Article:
March 1971

Childhood Focal Encephalitis Associated With Positive Cold Agglutinin Titers

Author Affiliations

Woodland Hills, Calif
From the Warner Victory Medical Center, Woodland Hills, Calif. Dr. Rawitt is now with the University of California at Los Angeles Medical School.

Am J Dis Child. 1971;121(3):248-249. doi:10.1001/archpedi.1971.02100140114015

Focal encephalitis has been attributed to various causes, standard texts listing the more common agents. Generally, however, differential diagnoses do not include those agents associated with positive cold agglutination. The origin of cold agglutinins is unknown. They develop in high titer in patients with Mycoplasma pneumoniae infection but are formed at times in the absence of such infection. It is the purpose of this communication to suggest the possibility that M pneumoniae or related agents may be causally related to severe prolonged focal encephalitis, without pneumonia.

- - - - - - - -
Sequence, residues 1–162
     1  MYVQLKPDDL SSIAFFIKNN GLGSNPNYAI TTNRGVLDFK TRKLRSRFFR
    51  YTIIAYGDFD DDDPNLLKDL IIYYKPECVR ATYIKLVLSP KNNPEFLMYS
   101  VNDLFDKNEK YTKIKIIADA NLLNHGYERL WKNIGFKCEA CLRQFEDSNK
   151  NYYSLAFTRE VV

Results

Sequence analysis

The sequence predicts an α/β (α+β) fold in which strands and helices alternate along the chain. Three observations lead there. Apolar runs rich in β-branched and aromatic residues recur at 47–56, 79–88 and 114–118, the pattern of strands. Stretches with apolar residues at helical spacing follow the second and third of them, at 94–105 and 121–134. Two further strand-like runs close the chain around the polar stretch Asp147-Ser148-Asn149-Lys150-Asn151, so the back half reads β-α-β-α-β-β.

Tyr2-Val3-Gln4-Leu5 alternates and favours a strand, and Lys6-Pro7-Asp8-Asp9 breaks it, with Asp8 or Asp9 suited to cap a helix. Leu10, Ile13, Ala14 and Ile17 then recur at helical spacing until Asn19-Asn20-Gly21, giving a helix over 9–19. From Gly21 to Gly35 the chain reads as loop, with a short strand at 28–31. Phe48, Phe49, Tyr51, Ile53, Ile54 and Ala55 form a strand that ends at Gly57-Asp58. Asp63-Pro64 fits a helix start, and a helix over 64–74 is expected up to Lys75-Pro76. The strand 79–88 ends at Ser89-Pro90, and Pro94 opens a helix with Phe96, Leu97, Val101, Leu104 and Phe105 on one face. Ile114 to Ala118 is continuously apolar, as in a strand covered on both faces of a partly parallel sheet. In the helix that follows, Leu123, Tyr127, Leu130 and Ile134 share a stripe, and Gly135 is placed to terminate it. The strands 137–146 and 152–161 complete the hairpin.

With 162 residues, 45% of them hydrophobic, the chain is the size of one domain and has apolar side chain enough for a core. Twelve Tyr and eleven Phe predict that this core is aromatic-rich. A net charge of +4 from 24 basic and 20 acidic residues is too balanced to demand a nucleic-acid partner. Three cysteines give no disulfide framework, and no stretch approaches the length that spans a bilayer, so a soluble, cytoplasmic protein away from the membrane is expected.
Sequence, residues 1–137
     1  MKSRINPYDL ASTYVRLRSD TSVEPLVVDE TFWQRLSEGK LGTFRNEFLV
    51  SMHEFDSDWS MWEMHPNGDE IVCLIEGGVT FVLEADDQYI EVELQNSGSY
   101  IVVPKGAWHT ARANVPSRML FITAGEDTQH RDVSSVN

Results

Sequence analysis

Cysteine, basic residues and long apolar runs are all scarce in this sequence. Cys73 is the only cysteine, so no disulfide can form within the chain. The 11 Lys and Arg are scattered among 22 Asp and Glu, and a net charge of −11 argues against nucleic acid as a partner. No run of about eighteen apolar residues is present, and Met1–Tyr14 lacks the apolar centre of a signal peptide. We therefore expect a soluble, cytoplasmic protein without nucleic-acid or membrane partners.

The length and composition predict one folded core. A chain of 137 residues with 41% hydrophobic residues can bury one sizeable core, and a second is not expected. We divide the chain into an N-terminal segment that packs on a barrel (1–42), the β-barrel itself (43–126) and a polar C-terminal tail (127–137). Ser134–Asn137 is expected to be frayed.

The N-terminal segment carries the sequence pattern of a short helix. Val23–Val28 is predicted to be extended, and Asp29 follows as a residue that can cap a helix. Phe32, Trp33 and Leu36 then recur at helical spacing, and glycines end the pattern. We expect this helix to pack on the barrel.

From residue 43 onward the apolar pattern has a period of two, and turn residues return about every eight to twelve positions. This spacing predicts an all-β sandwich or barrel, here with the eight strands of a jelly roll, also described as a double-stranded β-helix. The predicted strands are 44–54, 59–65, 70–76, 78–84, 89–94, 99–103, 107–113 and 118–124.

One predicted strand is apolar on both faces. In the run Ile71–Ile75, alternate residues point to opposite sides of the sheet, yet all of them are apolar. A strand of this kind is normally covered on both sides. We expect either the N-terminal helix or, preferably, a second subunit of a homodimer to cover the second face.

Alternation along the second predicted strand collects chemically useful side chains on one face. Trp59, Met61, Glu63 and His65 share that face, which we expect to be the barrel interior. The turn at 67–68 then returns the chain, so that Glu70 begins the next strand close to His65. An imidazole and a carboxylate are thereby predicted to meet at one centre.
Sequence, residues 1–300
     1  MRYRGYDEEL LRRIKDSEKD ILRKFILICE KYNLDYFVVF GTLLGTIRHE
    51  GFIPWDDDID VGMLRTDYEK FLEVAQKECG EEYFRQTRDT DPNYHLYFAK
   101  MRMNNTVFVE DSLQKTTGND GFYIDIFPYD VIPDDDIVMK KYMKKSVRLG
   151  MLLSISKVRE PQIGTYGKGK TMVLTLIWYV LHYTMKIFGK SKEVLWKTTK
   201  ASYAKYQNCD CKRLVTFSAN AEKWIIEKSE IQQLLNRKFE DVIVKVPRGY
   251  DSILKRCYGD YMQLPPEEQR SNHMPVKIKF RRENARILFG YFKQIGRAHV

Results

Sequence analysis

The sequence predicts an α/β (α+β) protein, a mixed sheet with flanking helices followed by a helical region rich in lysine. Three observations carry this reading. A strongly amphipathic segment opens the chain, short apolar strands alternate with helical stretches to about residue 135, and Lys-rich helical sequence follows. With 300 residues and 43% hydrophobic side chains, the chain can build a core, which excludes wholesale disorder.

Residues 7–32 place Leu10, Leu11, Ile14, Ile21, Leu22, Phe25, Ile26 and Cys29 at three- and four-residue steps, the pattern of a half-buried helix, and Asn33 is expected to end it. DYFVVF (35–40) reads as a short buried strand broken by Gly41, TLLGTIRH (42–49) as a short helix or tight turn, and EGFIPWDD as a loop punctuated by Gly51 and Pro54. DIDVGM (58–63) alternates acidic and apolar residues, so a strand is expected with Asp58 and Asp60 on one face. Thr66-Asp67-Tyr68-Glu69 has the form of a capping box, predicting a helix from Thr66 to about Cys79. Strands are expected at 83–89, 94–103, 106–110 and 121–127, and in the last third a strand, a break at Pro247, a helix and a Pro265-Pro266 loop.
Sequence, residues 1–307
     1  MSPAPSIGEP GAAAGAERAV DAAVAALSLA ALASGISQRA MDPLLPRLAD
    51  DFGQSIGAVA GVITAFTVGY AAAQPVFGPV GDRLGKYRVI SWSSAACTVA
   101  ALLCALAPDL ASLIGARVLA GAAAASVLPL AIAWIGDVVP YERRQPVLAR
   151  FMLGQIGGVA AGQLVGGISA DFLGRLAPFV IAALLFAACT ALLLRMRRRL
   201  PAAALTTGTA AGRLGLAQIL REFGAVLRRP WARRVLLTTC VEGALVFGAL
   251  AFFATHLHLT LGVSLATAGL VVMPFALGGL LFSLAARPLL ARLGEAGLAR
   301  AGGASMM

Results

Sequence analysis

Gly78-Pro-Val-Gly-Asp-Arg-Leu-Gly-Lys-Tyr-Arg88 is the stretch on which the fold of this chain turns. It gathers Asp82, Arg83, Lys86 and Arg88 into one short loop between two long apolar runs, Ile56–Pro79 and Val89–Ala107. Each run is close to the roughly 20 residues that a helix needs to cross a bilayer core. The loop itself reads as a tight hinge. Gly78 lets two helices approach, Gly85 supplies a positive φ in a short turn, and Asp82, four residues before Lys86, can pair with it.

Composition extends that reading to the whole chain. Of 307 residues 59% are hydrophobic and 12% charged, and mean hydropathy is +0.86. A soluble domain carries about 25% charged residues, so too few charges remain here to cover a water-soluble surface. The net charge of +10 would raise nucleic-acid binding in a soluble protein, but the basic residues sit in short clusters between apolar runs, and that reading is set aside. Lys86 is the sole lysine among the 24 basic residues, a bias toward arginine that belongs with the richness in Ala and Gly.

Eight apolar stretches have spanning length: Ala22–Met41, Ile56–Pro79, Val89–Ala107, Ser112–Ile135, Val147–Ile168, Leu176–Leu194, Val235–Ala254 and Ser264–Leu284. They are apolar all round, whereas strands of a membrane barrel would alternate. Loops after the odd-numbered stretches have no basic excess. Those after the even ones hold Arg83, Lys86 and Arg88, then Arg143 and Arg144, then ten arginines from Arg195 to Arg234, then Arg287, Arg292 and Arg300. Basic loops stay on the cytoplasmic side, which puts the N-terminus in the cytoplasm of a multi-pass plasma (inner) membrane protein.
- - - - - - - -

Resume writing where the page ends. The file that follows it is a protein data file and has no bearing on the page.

Report of a Case  A 12-year-old white boy was in good health until Nov 10, 1968, at which time he developed a flu-like illness with chills, rhinitis, decreased appetite, and fever. One week later he was still febrile and was treated for two days with tetracycline (dosage unknown). The following day he developed slurred speech, lost control of his balance, was incontinent of urine,

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